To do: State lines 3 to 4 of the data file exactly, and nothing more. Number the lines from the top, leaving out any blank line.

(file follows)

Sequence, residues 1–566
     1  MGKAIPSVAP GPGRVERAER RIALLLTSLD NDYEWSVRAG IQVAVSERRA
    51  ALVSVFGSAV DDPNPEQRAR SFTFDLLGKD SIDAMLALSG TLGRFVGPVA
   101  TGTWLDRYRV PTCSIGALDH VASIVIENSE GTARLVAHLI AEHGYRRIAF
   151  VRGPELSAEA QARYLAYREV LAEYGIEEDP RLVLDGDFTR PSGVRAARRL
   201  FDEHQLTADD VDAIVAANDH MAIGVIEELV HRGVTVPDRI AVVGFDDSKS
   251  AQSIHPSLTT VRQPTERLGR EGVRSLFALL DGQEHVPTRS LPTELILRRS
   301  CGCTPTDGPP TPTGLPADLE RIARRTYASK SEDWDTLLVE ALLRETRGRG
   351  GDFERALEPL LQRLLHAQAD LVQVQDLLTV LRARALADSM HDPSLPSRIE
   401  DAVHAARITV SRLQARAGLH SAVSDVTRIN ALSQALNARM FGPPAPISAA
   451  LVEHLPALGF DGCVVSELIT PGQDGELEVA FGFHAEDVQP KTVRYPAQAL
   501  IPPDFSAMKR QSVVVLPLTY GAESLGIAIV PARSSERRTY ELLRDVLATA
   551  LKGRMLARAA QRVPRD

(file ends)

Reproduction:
    51  ALVSVFGSAV DDPNPEQRAR SFTFDLLGKD SIDAMLALSG TLGRFVGPVA
   101  TGTWLDRYRV PTCSIGALDH VASIVIENSE GTARLVAHLI AEHGYRRIAF